Readers React: Speaking of grad speakers
I have never forgotten who gave the commencement address at my graduation; I wonder if, 50 years from now, the kids who ran their prospective speakers out of town on a rail will be able to recall who replaced them? (“College grads: With speakers as in life, at times you take what you can get,” Opinion, May 21)
The notion of student protests had yet to arrive on college campuses in 1961, and it was probably a good thing nobody thought my class was mature enough to consult. Otherwise, many of us might have missed the only chance we ever had to see President Kennedy in person.
As a member of the UCLA class of 2014, I take exception to Meghan Daum’s reactionary column on commencement speakers.
Older and more experienced than Daum, I find her tone of “you could do a whole lot worse” and “take what you can get” paternalistic. From an inappropriate use of scare quotes around adjectives that correctly describe the International Monetary Fund, to providing political cover for former Secretary of State Condoleezza Rice, Daum’s “be a gracious host” to your oppressors thesis is wrongheaded at best.
Let’s embrace students who are no longer willing to accept perpetrators of oppression and injustice as speakers. Daum wants us to sit and listen. I say speak truth to power and continue resisting what the celebrated professor Bell Hooks calls “white supremacist capitalist patriarchy.”
Daum should consider that, rather than settling for “you can do worse,” true agency starts with “we can do better.”
Robert D. Skeels
Daum’s well-written piece is a reminder that our democracy is in danger of sliding into a “soft” type of totalitarianism in which our institutions of higher learning are representing the extreme political correctness of a few.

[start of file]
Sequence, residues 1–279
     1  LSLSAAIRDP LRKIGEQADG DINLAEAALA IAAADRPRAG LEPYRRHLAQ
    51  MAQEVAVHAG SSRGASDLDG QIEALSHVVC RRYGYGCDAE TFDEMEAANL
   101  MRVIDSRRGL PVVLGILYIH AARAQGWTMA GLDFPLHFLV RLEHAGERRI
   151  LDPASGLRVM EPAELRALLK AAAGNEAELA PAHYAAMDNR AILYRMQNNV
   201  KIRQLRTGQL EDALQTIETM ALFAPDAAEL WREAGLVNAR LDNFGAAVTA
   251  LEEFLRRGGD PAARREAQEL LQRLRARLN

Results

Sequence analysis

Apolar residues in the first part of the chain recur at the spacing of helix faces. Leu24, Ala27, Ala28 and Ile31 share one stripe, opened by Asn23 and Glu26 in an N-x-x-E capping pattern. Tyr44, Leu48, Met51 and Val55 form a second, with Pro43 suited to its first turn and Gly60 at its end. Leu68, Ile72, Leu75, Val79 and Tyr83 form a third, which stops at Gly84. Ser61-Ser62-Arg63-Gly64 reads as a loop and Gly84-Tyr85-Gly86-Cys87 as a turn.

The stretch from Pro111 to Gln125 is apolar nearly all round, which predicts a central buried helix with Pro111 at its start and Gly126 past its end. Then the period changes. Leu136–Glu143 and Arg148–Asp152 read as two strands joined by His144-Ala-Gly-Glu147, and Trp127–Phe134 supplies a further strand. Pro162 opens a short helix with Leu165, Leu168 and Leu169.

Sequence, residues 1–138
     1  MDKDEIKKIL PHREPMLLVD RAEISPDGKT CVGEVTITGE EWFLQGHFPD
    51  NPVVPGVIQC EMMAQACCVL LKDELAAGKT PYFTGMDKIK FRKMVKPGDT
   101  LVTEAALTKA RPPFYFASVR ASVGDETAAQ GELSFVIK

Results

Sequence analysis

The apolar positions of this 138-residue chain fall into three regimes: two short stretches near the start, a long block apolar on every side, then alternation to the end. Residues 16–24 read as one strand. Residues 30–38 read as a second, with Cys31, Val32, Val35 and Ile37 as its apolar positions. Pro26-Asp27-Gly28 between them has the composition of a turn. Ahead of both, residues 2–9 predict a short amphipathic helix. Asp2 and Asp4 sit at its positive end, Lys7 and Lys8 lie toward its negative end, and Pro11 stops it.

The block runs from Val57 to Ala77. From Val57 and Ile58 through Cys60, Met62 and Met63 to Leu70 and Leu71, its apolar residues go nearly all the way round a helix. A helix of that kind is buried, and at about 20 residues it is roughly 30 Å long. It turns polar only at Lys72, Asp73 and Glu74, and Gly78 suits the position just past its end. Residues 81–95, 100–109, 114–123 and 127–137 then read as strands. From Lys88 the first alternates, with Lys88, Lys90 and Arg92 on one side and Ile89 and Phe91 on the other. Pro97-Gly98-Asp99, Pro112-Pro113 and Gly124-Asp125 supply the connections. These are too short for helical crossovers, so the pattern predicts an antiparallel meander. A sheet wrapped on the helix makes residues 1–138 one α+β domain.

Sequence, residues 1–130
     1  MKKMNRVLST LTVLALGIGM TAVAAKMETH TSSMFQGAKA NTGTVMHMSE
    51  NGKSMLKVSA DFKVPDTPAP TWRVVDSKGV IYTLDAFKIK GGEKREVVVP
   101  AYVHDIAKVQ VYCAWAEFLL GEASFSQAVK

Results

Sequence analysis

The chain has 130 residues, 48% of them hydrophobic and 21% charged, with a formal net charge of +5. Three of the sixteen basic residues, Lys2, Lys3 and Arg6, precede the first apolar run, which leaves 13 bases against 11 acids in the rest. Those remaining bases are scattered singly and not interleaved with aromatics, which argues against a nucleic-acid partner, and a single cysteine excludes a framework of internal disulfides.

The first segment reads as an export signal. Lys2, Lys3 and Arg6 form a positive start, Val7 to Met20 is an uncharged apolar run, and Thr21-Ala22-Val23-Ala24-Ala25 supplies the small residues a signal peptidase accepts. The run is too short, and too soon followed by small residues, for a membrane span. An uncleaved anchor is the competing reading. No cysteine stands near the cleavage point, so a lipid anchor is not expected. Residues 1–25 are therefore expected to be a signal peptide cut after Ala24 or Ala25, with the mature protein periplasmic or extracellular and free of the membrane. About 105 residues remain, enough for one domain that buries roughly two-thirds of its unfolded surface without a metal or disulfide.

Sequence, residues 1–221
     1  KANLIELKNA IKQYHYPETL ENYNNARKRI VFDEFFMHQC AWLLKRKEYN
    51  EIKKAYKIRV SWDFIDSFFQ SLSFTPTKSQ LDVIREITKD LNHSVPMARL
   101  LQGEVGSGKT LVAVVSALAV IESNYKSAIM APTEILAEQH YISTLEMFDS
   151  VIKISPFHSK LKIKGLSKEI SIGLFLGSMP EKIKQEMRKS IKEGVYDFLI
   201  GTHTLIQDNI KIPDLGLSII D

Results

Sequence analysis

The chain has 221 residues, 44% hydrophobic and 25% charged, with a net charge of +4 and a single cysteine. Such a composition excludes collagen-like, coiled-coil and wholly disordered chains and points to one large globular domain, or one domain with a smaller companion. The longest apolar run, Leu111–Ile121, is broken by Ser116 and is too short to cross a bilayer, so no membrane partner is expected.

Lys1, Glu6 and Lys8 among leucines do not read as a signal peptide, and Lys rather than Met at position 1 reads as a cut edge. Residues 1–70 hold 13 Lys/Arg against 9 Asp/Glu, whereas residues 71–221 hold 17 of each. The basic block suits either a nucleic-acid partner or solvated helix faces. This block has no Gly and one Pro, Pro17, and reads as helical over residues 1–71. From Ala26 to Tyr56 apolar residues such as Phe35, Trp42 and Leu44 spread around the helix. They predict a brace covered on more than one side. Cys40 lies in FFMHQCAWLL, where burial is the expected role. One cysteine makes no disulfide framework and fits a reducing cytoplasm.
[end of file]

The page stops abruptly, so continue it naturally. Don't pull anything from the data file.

One wonders what is left of the sense of cultural relativism that liberal education has been imparting for decades — to instill understanding and tolerance of other people’s cosmovision.
Even in this society that continually questions identities and institutions, the behavior of those campus “nincompoops” should not be rewarded with our compliance. When debate becomes a reckless exercise devoid of mutual respect, the result is the triumph of the paranoia of those who jeopardize the healthy exchange of ideas.
It’s fine if you, as a student, want to protest something, but affecting others’ freedom of choice or demanding agreement with your point if view is wrong in a free, diverse society.
I think Rice was part of a corrupt administration that engaged in illegal wars and unconstitutional activities, but I’d like to hear what she has to say and would never insist she agree with me.
Those who don’t want to hear what Rice or other commencement speakers have to say retain the option of saying home.
Marina del Rey
A cure for the common opinion
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